Termination: Poorly terminated wire just causes problems anywhere.  If your service is running out of an old school telephone jack with screw terminals inside, it could be fine, it could also cause trouble.  I personally prefer using punch down style jacks, that way the service cord can maintain its twist all the way to the point of termination, and there's zero chance of a wire being broken on a screw terminal.  Also, nicks on a cat-5 from it being stripped, old bad splices in telco terminals where the insulation on the wire is hardening and breaking apart, bad splicers themselves (i.e. wires twisted together with electrical tape versus using a gel-filled splicer) can introduce trouble.

AC Interference: This can happen in your home itself.  If you have any ungrounded appliances in your house, or if your house doesn't have a good common electrical ground; again, interference has no place to go.  Someone who was having trouble with this would have success with an electrical noise isolator plugged inline with the modem's power supply, and/or having their electrical wiring repaired to be properly grounded.

This is hardly inclusive, but these items are the biggest causes of trouble that I've encountered.  Of course, without physically being able to inspect all of these elements, I can't tell you what's causing your trouble.  :(  BUT... anything in your home, you CAN look at and see for yourself if the signal path is pure.  :)
« Last Edit: December 31, 2011, 10:44:08 PM by Halestorm »
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Bald_Eagle1

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Re: VDSL knowledge
« Reply #8 on: January 01, 2012, 11:08:39 AM »

Hi Halestorm, & thank you for the detailed comments.

Okay Paul, I've read through everything, and it just screams that something is definitely wrong with your wiring.  Let me roll through some of the things I looked at that scream trouble:


I'm pleased that you have immediately spotted that something is wrong.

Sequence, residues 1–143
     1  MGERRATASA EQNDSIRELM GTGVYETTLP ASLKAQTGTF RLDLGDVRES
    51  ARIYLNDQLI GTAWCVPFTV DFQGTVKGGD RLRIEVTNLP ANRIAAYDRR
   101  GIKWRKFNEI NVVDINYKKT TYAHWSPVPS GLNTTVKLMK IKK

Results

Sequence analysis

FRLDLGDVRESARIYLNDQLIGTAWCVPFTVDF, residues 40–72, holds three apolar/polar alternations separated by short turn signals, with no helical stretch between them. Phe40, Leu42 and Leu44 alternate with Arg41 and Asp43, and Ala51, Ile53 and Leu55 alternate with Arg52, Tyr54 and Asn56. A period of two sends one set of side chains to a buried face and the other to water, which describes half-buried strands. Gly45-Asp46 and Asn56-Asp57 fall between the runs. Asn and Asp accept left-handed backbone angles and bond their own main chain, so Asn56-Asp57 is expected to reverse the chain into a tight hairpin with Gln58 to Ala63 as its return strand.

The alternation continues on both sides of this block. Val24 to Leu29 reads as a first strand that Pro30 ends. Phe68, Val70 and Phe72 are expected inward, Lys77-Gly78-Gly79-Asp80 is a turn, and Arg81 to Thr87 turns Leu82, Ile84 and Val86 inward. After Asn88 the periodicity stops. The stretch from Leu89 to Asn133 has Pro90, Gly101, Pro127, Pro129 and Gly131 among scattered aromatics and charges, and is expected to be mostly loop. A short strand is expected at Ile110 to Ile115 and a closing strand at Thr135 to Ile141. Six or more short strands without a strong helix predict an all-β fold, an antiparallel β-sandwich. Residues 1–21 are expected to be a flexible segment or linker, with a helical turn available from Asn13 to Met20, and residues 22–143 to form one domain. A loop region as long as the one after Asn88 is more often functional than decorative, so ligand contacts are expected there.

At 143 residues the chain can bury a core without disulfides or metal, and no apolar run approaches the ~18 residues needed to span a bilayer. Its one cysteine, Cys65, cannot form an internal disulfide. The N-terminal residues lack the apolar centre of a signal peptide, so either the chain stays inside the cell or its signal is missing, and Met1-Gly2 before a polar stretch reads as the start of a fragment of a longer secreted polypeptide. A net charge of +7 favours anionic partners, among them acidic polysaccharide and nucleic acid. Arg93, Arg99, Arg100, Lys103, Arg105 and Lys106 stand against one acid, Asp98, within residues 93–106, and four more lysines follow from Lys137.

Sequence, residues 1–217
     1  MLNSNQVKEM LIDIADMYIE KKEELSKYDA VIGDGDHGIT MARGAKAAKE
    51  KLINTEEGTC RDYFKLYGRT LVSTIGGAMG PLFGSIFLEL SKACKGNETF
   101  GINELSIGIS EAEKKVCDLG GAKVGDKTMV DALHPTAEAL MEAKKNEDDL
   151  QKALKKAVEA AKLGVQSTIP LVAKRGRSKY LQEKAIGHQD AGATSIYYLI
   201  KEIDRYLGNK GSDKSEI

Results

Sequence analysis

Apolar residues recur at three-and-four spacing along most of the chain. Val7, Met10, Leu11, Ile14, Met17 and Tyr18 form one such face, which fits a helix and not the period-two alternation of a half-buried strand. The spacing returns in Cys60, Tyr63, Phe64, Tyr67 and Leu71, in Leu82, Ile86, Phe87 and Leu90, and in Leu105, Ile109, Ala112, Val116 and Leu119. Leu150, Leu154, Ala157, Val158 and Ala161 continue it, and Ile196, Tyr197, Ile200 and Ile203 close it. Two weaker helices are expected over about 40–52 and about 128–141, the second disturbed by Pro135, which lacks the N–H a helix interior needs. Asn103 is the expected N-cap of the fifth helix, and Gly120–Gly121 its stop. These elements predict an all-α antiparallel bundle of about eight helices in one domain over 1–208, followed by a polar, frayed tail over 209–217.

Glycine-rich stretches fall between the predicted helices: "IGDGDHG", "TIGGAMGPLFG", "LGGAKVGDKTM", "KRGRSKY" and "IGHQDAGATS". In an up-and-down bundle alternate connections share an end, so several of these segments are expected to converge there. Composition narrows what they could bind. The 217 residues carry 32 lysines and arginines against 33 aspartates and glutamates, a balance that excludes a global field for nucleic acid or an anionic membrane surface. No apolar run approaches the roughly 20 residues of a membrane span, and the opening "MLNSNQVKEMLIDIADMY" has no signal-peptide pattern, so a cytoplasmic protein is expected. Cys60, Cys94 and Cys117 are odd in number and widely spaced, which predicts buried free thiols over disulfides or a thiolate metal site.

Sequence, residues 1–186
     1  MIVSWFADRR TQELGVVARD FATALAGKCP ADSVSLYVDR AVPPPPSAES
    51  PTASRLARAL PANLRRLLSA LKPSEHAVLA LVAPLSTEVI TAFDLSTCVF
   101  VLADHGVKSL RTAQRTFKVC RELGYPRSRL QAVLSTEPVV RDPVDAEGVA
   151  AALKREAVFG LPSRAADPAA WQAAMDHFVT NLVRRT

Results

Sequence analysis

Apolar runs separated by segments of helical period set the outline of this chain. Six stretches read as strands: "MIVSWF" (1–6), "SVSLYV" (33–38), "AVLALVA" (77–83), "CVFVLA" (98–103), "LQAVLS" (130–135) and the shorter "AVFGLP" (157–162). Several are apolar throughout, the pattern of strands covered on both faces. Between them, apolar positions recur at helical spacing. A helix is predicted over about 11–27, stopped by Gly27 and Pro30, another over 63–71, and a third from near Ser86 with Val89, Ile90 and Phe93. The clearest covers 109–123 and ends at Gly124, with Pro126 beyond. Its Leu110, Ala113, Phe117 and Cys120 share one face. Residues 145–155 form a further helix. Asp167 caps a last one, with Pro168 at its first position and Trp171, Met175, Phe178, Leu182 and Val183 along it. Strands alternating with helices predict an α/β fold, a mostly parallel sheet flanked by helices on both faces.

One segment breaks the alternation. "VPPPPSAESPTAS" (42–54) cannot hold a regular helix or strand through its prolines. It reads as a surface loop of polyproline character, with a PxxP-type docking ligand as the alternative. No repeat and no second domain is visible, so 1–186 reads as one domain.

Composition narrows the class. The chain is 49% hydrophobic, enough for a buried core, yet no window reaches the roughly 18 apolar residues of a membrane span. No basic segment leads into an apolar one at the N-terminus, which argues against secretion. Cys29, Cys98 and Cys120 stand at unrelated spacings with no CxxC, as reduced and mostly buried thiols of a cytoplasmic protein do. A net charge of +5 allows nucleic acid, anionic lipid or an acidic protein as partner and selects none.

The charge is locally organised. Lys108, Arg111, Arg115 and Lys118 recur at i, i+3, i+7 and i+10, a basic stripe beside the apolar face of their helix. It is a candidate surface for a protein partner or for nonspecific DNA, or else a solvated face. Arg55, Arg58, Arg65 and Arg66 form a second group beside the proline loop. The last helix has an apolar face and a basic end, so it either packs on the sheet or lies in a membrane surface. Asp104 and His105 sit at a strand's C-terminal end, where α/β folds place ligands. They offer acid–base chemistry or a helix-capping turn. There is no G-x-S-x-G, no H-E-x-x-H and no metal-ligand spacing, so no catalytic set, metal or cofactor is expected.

I have presented very similar data to my ISP who has been unable to spot any problems (as per their comments that I displayed in red in my previous message).

Quote
Code: [Select]
Max: Upstream rate = 5878 Kbps, Downstream rate = 31480 Kbps
Path: 0, Upstream rate = 5926 Kbps, Downstream rate = 29804 Kbps

Your max rate versus your path are waaay too tight.  You are running at 95% capacity down and 99% up.  There is no wiggle room to allow for changing line conditions.  This virtually ensures that you will lose sync on a regular basis.  I would be more comfortable if someone was running at 80-85% capacity, no more than 90%.

Whenever the modem re-syncs or is rebooted the difference between the max rate & the path rate is more pronounced.
e.g. for the connection in my example data, the max rate started off at 35112K, with SNRM at 6.3 dB.
That equates to a path rate of approx 85% of the max rate.

Over the duration of the connection, the max rate for my connection generally fluctuates a little but gradually tails off, as does SNRM.
Just before the modem re-synced itself, the max rate had dropped to 31552 & SNRM was 3.5 dB. (Those were the single values taken from the modem's GUI).

Quote
Code: [Select]
  VDSL Band Status        U0      U1      U2      U3      D1      D2      D3
  Line Attenuation(dB): 8.3 52.9 64.0   N/A 21.6 63.1 0.1
Signal Attenuation(dB): 14.6 52.3   N/A   N/A 21.6 63.1   N/A
        SNR Margin(dB): 5.8 6.0   N/A   N/A 3.5 3.4   N/A
         TX Power(dBm): -4.3 5.8   N/A   N/A 10.9 6.5   N/A

In reading the properities of your signal, the attenuation isn't as important to focus on as the signal to noise ratio (SNR) margin.  If you look, the SNR upstream between the bands is almost the same, as is the downstream SNR.  To have a quality signal where it's not taking too many errors, the SNR upstream should be between >6-8dB and downstream should be >9-11dB.  Your upstream would actually be okay, but the downstream is what's killing you - 3.4/3.5 is waay too noisy.